Friday, May 29, 2015

GM Analysis

The automaker General Motors Co. (GM), headquartered in Detroit, Michigan, sent a bull signal in Thursday's trading. GM's bull signals have low historical odds of success, making it a prospective direction-neutral trade.

I shall use the JUN1 Weeklys series of options, which trades for the last time !0 days hence, on June 5.

[GM in Wikipedia]


GM has given five bull signals in the past year, with a 20% success rate. The one successful signal produced a 1.6% profit over four days. The four unsuccessful trades on average each lost 2.6% over 20 days.


Click on chart to enlarge.
GM at 11:05 a.m. New York time, 30 days hourly bars
Implied volatility stands at 20.2%. Volatility dropped below 21% on May 7, to levels never before seen since the company's reorganization under federal direction in 2009. The present level is 1.4 times the VIX, a measure of volatility of the S&P 500 index.

Ranges implied by options and the chart
WeekSD1 68.2%SD2 95%Chart
Implied volatility 1 and 2 standard deviations; chart support and resistance

The Trade

The by-the-book construction places the short calls at $37 and the short puts at $37.50, close to full coverage. However, that gives me a risk/reward ratio of 3:1 if I make the iron condor 50 cents wide, or 4.9:1 with a one dollar width. I don't find either risk level to be acceptable.

The problem lies with the calls options. The $37 calls have an 80.6% chance of expiring out of the money for maximum profit. The next strike down, the $36.50, have a $62.8% chance, which lower than the 70% I normally aim for.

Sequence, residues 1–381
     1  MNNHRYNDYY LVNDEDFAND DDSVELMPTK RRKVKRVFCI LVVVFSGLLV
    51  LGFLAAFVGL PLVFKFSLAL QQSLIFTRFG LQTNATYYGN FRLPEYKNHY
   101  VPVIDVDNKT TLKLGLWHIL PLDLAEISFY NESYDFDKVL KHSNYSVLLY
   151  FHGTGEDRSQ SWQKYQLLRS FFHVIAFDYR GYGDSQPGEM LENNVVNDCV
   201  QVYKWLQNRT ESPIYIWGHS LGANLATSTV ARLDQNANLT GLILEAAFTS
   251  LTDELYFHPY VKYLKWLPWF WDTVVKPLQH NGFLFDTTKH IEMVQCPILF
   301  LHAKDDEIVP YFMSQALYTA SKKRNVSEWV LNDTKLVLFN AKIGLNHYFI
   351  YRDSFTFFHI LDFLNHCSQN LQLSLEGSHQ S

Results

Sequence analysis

Decision for My Account

I'm declining to trade GM. The options grid won't allow me to construct a position with sufficient reward to make up for the risk. That's not uncommon when implied volatility is low, and it is radically low in the case of GM compared to its historical levels.

-- Tim Bovee, Portland, Oregon, May 29, 2015


My volatility trading rules can be read here.


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Tim Bovee, Private Trader tracks the analysis and trades of a private trader for his own accounts. Nothing in this blog constitutes a recommendation to buy or sell stocks, options or any other financial instrument. The only purpose of this blog is to provide education and entertainment.
No trader is ever 100 percent successful in his or her trades. Trading in the stock and option markets is risky and uncertain. Each trader must make trading decisions for his or her own account, and take responsibility for the consequences.

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